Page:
Lincoln Chafee's name recognition and Bush-bashing appeal should, in theory, put him in a strong position for the gubernatorial race. But can he put together a winning coalition?
Liberal blogger Matt Jerzyk writes of a left less-than-impressed with Chafee's performance at a gathering of progressive activists last night - and less-than-impressed, in general, with his candidacy.
And if Chafee fails to lock up this constituency, his road to victory gets quite a bit bumpier. There is, after all, significant competition for the centrist voters who would be his more natural constituency.
Treasurer and would-be gubernatorial candidate Frank Caprio, who is leading the money chase on the Democratic side, has staked out a moderate-to-conservative position on fiscal matters. And his rival, Attorney General Patrick Lynch, is no lefty agitator, either.
Even the sole Republican to put his foot forward, businessman Rory Smith, seems a moderate in the early going - he is pro-choice, for instance.
But Jim DeRentis, Chafee's campaign manager, says there is a path to victory. Caprio, he suggests, has gone too far to the right - leaving the center exposed. Lynch's base, he insists, is hard-core Democrats. And Smith just won't catch on, he argues: the Republican looks too much like the current, unpopular governor - a businessman with the misguided notion that he can turn his business experience into effective civic leadership.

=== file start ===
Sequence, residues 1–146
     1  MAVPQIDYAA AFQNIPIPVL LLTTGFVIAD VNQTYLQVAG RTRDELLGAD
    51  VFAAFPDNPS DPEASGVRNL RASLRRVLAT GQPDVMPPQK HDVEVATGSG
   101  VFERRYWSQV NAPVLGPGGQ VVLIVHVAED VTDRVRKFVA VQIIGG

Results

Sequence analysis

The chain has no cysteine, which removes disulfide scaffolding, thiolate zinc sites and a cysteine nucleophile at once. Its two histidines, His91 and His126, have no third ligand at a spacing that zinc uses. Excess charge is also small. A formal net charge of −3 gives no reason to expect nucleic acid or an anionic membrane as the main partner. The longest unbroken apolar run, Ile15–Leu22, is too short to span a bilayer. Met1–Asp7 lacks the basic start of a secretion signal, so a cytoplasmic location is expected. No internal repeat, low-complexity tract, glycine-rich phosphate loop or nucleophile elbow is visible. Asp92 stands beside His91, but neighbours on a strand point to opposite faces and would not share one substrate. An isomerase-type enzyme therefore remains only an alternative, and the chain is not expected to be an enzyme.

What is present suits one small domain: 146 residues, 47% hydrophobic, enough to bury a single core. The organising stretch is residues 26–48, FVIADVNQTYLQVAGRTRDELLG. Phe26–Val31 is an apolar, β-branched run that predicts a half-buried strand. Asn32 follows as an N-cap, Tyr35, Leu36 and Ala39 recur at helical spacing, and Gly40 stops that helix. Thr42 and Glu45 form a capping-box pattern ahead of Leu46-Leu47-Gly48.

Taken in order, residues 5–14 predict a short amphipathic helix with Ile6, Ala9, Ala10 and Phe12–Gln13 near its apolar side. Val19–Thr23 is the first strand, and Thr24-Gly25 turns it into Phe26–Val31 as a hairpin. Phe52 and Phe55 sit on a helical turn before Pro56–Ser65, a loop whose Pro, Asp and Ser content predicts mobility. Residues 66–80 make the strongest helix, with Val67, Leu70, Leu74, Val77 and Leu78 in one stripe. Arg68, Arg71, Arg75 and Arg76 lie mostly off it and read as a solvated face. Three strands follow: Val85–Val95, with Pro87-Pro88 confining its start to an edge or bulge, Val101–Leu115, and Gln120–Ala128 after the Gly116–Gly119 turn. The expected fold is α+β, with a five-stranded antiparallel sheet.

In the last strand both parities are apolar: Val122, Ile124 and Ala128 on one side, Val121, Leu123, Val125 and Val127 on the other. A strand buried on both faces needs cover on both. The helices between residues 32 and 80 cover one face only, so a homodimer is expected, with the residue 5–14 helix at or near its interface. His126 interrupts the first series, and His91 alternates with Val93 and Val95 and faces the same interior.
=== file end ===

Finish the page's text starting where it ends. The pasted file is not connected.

Is he right? Time will tell.
But it says here that Chafee can't count on racking up big margins on Caprio among centrists. The treasurer may be a bit conservative on fiscal matters. But he is hardly out of the Democratic mainstream. Chafee may have to make significant inroads with the left if he hopes to outflank Caprio. And he's got some work to do on that front.
A Lynch victory in the Democratic primary could be even more problematic. It would make appealing to the left more difficult and still present challenges in the middle.
Chafee's early fundraising troubles don't help matters, though DeRentis - while stopping short of saying that Chafee will pour his own money to the race - assures N4N that the well-to-do former Senator will be competitive in the gubernatorial race.
There's also a question of momentum. Ian Donnis, over at WRNI, sounds some skeptical notes about Chafee's campaign. And he's not the only one. Still, it's early.
Indeed, there's an argument to be made for keeping Linc's political identity a little less-than-defined while the rest of the filed takes shape. Charting a path to victory will depend, in large part, on identifying who Chafee's contenders will be in November 2010.